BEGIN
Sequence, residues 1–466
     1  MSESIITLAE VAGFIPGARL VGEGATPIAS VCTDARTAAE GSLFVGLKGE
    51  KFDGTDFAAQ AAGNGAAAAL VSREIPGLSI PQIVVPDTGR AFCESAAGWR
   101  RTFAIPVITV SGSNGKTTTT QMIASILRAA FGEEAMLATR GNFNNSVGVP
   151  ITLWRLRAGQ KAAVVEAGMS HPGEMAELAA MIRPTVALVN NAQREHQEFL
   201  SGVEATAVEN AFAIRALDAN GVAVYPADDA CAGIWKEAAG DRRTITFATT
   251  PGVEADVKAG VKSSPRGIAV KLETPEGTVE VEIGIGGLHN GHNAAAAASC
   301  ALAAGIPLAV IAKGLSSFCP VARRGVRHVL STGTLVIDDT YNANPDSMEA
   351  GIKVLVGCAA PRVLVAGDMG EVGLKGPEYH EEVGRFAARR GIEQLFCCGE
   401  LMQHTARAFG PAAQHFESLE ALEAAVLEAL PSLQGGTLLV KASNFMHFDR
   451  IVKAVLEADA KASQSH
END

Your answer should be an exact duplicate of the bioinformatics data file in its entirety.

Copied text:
Sequence, residues 1–466
     1  MSESIITLAE VAGFIPGARL VGEGATPIAS VCTDARTAAE GSLFVGLKGE
    51  KFDGTDFAAQ AAGNGAAAAL VSREIPGLSI PQIVVPDTGR AFCESAAGWR
   101  RTFAIPVITV SGSNGKTTTT QMIASILRAA FGEEAMLATR GNFNNSVGVP
   151  ITLWRLRAGQ KAAVVEAGMS HPGEMAELAA MIRPTVALVN NAQREHQEFL
   201  SGVEATAVEN AFAIRALDAN GVAVYPADDA CAGIWKEAAG DRRTITFATT
   251  PGVEADVKAG VKSSPRGIAV KLETPEGTVE VEIGIGGLHN GHNAAAAASC
   301  ALAAGIPLAV IAKGLSSFCP VARRGVRHVL STGTLVIDDT YNANPDSMEA
   351  GIKVLVGCAA PRVLVAGDMG EVGLKGPEYH EEVGRFAARR GIEQLFCCGE
   401  LMQHTARAFG PAAQHFESLE ALEAAVLEAL PSLQGGTLLV KASNFMHFDR
   451  IVKAVLEADA KASQSH